I have always loved food.  My mother tells me that I ate green onions in my high chair.  I have always eaten my veggies without being told to and I have been vegetarian.  I took a nutrition class in college and was a weight loss counselor for a time.  I am passionate about food.

Not everyone loves eating their greens, which is why I think the green smoothie was invented…to mask the taste and texture of spinach, kale, collard greens and other green foods that some people don’t like in their most natural state.

I have started a quest to analyze daily recommended nutrition and come up with solutions that make life easier and maintaining our health more sustainable.  My quest, potentially much to my family’s chagrin, will include making easy “fast food” that fuels us and nourishes us.  I will include investigation in to the “Dirty Dozen” and the “Clean Fifteen” as well as when organic is important in general.

Solutions will include not only green smoothies, but also mason jar salads, mason jar pancake mix and burgers made up of so many foods, they may very well be all you need on your plate.

Suggestions are welcome, so feel free to comment!

SustainableThree.com’s 2016 Challenge

It’s a new year…a new chance to do it better, differently than previous years.

What are you willing to commit to?

Each year, I add a level of resiliency to my lifestyle.

In 2015, I started recycling plastic bags (which you can typically do at your local supermarket – Whole Foods does it best in my opinion).  I also researched solar options for our home.  Watch for a blog post on comparing solar options in the near future.

In 2014, I committed to reduce plastic usage and switched to glass containers for leftovers.

In 2013, we did an energy audit and switched 95% of our light bulbs to LEDs which use very little energy and last 8+ years.  (The remaining 5% are incandescent lightbulbs we are using up so as not to just waste them).  we also converted our showers and toilets to be more water conservative.

In 2012, I started donating items to R.A.F.T. (http://www.raftcolorado.org/)

In 2011, I started a backyard garden.

In 2010, I started a compost bin in my back yard.  We also purchased a hybrid car.

 

In 2006, I started line-drying our family’s clothes.

Since 1996, I’ve recycled every item I can…

You get the idea.  ll these efforts accumulate as new habits and become easier each time.

Here are some other options:

Eat less meat or switch to a plant-based diet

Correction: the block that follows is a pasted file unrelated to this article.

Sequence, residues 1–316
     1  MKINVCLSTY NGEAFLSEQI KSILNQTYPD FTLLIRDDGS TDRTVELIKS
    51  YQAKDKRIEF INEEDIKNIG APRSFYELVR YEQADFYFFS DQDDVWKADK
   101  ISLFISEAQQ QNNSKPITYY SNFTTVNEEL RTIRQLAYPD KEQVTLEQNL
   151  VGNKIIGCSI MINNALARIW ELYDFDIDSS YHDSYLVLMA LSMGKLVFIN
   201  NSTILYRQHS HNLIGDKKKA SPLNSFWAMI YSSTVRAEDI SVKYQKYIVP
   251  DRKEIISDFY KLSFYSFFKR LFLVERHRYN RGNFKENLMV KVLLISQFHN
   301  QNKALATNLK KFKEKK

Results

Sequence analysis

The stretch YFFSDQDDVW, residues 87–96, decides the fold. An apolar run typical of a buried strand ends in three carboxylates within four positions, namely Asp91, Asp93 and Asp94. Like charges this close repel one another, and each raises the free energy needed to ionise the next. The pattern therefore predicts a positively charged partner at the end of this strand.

Bike to work or school 1, 2, 3 or more days/week

Take the bus 1, 2, 3 or more days/week.

Switch to solar for your electricity source.

Recycle if you don’t

Reuse more if you don’t

…there’s so much more.

What are you willing to commit to in 2016?

Submit your personal challenge in the Comments section.  Our environment thanks you!

Shopping More Sustainably

Green Shopping Cart
Photo Source: http://algaegeszseg.com/wp-content/uploads/2014/09/bev-kos%C3%A1r-fa.jpg

Shopping More Sustainably

Have you had enough of the holiday shopping craziness?  There are more sustainable ways to shop for your friends and family.

In America, we just celebrated Thanksgiving.  The day following Thanksgiving is called “Black  Friday” for retailers.  They offer incredible deals (50% off or more in most cases) only on this day to move their bottom line to the black from the red…hoping for a positive cash flow and to end the year in a better financial state.

This involves getting up early, being away from family, and has led to some pretty crazy situations where there are crowds of people all trying to squeeze through the store doorways in search of the limited number of televisions on sale.

See for yourself:

A more sane and eco-friendly way to shop for your loved ones is to take advantage of the many on-line deals rather than be in the mob scene that is Black Friday.  Many offer deals on “Cyber Saturday”.  Great deals can still be found and items shipped and wrapped preventing injury and trauma.

Shopping More Sustainably:

Even better, you can choose gift ideas that align with more sustainable living:

Here are some examples:

EWG.org has gift ideas

https://donate.ewg.org/p/salsa/donation/common/public/?donate_page_KEY=7901&track=2015YEABagHPRot&_ga=1.11783924.1501329349.1448729591

Take Part has a sustainable shopping list:

http://www.takepart.com/article/2014/10/08/sustainable-shopping-list

Mashable has some suggestions here:

http://mashable.com/2013/08/26/eco-friendly-online-shopping/#PNFWohOC6sqi

You could go second-hand…often second hand shops have items that have never been used and still have the tags attached:

The Junior League:

https://www.ajli.org/?nd=shop

Or, you can buy gifts in people’s names with organizations you care about:

Here are some ideas: